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Video Game / Hammer Brother

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"In MCMLII [1952] Hammer Bro takes the decision to be independent. Leaves home to fight against the imperator."
—Intro message box, Orange Version

Hammer Brother Demo 3 and its finished "English" version is a Super Mario World ROM hack by Blackout77, widely considered to be the Mario Hacking community's (and by extension, the entire Mario fandom's) equivalent of My Immortal.

For those who wish to play it for some reason, you can download patches for Demo 3 and NES version by clicking on the links.

Hammer Brother Demo 3, NES Final Version and Orange Version contain examples of:

  • Art-Style Clash: Numerous, numerous examples:
  • Anachronism Stew: Despite the fact the game supposedly takes place in 1952, you have Hammer Brother fighting Robot Masters made at least from the 21st Century, and the second level in the game has Mega Man X graphics.
  • Author Appeal: Blackout77 really loves Pokémon creepypastas (such as Buried Alive and Lost Silver) and Brutal Mario, as many elements of this game show.
  • Bonus Feature Failure: You can unlock the Top Secret Area normally, although it offers literally nothing to the player except that it's a remake of Lavender Town from Kanto. We wish we were joking but we're not.
  • Call-Back: Secret 4-3 is reused from Blackout's unfinished remake of Super Mario Frustration, even down to the same Level ID in Lunar Magic.
  • Checkpoint Starvation: Most of the levels lack checkpoints.
  • Evil Twin: The Rival, a Darker and Edgier version of Hammer Brother himself.
  • Giant Space Flea from Nowhere: A lot of the bosses in the levels just randomly appear without any real reason.
  • Guide Dang It!: How are you supposed to know that you need a fire flower (reskinned as a hammer, enabling Hammer Bro to throw hammers) that the game doesn't even give you just to complete the level? And this is only just one of the many moments in the game!
  • Hitbox Dissonance: Due to how the sprites work in the game, this occurs pretty often. Despite their hitbox seeming like it's been changed, it actually hasn't, leading to instances like Bladers (which are actually Rexes) hurting you when you try to walk underneath them, and even seem to die by nothing if you throw a shell at them. Ben the Hacker says this from his review of it:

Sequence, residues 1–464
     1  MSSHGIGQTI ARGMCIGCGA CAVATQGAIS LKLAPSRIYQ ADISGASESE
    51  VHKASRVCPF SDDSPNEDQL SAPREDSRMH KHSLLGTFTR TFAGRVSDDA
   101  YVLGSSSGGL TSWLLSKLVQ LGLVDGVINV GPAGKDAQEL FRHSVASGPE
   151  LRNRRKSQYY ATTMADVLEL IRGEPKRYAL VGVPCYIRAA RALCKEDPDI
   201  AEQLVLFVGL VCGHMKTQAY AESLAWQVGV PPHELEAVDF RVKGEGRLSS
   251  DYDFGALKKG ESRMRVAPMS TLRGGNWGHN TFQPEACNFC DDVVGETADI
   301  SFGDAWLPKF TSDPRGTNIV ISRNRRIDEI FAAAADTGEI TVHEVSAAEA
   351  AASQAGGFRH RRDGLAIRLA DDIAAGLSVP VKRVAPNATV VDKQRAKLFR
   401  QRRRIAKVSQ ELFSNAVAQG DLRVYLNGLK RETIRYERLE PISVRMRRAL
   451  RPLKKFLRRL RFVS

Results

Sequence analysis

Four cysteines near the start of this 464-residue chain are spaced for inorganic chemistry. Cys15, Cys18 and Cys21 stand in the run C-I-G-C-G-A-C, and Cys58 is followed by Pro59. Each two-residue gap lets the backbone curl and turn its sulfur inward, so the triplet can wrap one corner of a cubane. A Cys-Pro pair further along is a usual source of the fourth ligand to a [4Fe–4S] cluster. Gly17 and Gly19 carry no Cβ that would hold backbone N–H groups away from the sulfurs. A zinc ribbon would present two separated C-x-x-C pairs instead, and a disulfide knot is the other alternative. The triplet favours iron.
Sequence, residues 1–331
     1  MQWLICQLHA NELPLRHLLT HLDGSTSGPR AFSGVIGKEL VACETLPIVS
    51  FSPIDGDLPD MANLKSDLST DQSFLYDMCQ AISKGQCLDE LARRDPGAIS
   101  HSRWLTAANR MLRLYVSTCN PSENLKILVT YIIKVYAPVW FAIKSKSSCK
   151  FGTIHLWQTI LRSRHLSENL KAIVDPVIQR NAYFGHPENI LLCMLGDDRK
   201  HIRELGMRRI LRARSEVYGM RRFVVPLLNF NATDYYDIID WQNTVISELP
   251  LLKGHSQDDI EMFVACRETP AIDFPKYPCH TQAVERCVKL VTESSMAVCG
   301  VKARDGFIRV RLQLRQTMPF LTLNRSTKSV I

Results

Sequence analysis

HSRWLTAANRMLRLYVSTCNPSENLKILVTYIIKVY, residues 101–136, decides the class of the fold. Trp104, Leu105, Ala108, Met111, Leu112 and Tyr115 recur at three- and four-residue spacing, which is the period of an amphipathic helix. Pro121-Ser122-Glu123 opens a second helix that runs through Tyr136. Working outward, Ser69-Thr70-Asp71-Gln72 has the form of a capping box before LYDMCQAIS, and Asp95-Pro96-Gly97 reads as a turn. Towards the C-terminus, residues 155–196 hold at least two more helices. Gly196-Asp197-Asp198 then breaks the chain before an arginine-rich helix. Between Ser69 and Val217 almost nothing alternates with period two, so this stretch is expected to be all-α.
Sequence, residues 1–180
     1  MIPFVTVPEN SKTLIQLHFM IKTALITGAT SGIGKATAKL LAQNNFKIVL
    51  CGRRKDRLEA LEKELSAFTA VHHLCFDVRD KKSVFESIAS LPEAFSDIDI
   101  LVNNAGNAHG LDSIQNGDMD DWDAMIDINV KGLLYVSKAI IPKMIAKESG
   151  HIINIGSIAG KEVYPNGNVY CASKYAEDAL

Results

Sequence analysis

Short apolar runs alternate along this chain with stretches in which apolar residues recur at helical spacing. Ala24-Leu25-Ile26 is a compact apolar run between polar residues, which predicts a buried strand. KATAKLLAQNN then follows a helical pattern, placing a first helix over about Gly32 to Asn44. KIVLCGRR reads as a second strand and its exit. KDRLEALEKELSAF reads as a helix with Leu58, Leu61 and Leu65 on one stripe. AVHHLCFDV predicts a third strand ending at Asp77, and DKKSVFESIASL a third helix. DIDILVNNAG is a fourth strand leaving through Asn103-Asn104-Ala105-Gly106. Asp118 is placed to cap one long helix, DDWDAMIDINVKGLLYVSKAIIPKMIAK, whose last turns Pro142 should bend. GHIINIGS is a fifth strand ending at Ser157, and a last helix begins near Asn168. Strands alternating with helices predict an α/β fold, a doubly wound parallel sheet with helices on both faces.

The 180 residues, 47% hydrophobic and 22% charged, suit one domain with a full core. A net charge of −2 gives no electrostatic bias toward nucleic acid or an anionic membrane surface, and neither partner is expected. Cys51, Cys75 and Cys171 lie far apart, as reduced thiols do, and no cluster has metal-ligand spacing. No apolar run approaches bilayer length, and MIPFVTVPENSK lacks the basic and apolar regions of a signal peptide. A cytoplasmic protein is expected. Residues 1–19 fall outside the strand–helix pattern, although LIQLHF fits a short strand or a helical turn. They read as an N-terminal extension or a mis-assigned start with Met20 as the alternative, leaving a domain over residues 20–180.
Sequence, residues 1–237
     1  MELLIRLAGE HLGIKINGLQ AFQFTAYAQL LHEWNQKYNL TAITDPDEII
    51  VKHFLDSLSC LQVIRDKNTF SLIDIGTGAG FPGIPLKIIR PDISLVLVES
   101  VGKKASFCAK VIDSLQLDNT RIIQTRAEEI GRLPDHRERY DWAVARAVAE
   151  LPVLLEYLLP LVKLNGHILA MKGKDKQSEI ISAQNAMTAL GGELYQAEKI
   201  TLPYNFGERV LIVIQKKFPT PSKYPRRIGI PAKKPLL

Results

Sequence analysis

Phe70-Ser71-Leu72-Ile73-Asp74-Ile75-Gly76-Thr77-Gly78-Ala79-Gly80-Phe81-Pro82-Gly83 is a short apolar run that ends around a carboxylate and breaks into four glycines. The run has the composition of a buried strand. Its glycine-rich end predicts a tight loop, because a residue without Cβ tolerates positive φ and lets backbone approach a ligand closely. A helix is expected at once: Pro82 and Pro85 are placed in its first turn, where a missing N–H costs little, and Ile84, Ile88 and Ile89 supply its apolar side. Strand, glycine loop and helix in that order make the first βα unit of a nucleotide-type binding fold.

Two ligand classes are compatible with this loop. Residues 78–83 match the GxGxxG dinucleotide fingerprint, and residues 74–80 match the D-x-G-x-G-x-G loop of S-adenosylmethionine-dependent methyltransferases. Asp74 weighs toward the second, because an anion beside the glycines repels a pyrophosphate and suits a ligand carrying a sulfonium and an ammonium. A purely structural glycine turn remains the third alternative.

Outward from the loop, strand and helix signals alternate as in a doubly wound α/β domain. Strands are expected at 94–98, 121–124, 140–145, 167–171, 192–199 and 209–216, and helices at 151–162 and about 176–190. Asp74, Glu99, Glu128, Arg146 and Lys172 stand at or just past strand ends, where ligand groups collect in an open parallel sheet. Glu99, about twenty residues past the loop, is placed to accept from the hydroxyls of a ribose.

That can’t be. I try to slide under this robot head thing [Blader] and yet I die? How does that happen?! L-Look how much space, look how much space is under there! What did I hit?! I touched nothing! So why is this happening? Well, you're not going to believe it, but this is actually a Rex. The same two square hit box is still there! In fact, if you toss a shell under it, that kills it too! This is too fucked up. This one enemy defies every iota of knowledge in the human brain!”
  • Kaizo Trap: Quite a handful appear in the game:
    • The game frequently uses a specific sublevel (13F) that contains a secret exit and an invisible block right over the gap needed to access it (meaning you have to do a precise jump not to hit it) and a bottomless pit to the left of it that you automatically drop into if you don't react quickly enough. It's pretty painful to think that just when you're about to easily get the secret exit, instead the game throws you a trap and you have to do the level again, if not all of it.
    • Bubbleman Sea has a Kaizo trap that if you don't get to the top of a one-tile gap, you automatically fall and sink, forcing you to redo the level.
    • In the second level after you defeat the boss, Hammer Brother automatically starts walking to the right but there's a pit on the left side of the screen, meaning that unless you're on the right side of the screen, he'll just walk to the pit and fall down, meaning you have to redo the level once again.